The concept of a wildlife corridor, which is well-known to many of today's residents in Canmore, was not really understood 20 years ago when the Yellowstone to Yukon Conservation Initiative (Y2Y), a Canmore-based organization now internationally recognized as a leader in wildlife corridor connectivity and conservation around the world, first took root in the valley.
Since that time, our home in the Rockies has been identified as one of the last intact mountain ecosystems on Earth that continues to share the space with all of the wildlife species that have been here for millennia.
Because grizzly bears in particular require a vast amount of territory, in principle, if the grizzly populations are thriving the rest of the animal populations will be as well. For this reason, many scientists today use the health of grizzly bear populations as their guide in measuring the health of the whole ecosystem.
“Over the last 20 years, collectively we have been able to double the protected areas, mitigated hundreds of miles of busy highways, and helped grizzly bears expand their ranges for the first time in over a hundred years,” Karsten Heuer, who was president of Y2Y from 2013 to 2015, said in an interview with Highline Magazine.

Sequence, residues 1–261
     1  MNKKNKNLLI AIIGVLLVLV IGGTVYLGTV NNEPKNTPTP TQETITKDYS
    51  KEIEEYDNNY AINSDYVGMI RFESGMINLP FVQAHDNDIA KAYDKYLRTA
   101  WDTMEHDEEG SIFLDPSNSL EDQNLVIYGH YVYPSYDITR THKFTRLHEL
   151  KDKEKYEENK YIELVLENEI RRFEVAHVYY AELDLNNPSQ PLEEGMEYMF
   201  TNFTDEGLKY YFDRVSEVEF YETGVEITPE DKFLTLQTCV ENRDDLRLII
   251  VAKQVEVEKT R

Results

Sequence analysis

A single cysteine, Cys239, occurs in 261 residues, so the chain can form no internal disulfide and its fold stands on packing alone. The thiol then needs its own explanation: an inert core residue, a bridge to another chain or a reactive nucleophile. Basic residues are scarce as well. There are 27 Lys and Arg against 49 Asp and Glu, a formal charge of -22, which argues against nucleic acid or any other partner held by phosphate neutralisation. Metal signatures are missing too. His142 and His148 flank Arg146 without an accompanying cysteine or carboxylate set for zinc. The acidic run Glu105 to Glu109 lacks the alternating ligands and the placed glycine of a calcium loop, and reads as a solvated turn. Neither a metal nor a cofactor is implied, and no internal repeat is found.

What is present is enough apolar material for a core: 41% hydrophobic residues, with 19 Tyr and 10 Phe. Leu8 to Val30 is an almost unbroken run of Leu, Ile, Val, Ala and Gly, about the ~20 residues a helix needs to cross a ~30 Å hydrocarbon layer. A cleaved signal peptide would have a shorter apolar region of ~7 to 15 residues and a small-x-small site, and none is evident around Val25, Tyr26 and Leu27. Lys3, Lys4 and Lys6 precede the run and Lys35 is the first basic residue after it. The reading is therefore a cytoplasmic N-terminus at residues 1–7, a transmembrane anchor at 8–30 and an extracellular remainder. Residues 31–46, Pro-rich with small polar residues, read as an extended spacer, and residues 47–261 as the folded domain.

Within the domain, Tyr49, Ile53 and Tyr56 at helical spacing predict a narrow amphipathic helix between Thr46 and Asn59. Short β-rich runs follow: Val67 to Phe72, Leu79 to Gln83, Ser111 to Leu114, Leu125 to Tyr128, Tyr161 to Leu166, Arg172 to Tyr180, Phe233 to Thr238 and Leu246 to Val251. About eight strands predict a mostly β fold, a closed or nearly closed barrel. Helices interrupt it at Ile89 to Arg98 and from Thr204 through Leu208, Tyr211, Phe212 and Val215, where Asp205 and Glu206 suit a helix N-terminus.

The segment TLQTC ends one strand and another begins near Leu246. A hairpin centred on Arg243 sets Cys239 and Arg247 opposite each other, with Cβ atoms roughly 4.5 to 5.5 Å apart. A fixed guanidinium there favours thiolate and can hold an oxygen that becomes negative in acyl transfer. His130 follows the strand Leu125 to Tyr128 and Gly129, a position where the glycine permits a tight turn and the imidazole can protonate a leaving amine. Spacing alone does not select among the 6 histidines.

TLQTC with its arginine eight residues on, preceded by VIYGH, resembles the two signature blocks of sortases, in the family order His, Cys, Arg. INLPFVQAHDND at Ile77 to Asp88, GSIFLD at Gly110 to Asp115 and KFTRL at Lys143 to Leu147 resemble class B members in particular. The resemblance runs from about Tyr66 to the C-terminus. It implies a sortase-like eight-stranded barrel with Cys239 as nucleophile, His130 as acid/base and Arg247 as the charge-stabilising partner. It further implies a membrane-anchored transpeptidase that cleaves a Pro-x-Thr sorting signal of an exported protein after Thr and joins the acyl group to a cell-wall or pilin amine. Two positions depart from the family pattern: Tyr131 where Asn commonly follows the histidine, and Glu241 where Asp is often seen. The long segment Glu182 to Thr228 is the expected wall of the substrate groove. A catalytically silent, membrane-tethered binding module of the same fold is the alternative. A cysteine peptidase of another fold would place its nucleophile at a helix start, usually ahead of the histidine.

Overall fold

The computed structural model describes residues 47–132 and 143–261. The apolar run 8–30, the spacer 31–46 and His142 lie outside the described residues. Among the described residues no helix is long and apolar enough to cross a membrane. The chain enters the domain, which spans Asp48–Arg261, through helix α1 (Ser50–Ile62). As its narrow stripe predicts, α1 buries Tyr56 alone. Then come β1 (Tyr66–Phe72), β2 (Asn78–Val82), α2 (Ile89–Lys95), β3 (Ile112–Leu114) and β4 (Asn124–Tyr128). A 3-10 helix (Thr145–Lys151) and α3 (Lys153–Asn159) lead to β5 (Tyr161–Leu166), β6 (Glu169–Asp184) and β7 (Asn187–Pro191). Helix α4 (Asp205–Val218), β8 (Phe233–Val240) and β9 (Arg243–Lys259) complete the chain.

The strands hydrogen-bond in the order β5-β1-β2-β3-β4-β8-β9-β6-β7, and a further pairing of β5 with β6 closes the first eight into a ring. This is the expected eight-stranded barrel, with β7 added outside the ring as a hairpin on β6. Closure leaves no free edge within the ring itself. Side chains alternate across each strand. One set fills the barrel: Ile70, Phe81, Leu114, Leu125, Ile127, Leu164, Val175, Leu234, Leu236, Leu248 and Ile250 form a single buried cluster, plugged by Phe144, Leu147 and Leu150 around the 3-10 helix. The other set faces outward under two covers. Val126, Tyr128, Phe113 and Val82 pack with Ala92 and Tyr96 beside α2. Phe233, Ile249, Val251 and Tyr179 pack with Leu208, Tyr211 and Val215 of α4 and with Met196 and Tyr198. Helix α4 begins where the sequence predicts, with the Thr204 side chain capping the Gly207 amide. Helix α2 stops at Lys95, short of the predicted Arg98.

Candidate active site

Setting the standards for corridors
In light of the rapid population growth associated with expansion in Canmore and the surrounding area, a number of new environmental groups formed to tackle the issues at hand including the Bow Corridor Ecosystem Advisory Group (BCEAG) established in 1995. This group — a partnership between the Government of Alberta, the Town of Canmore, Banff National Park and the Municipal District of Bighorn — published the Wildlife Corridor and Habitat Patch Guidelines for the Bow Valley in 1998. The document identified guidelines for land managers that could be applied as a consistent approach to development applications and provided standards for wildlife corridor and habitat patch design. In 1999 the BCEAG guidelines received a Premier’s Award of Excellence and were reviewed and updated in 2012.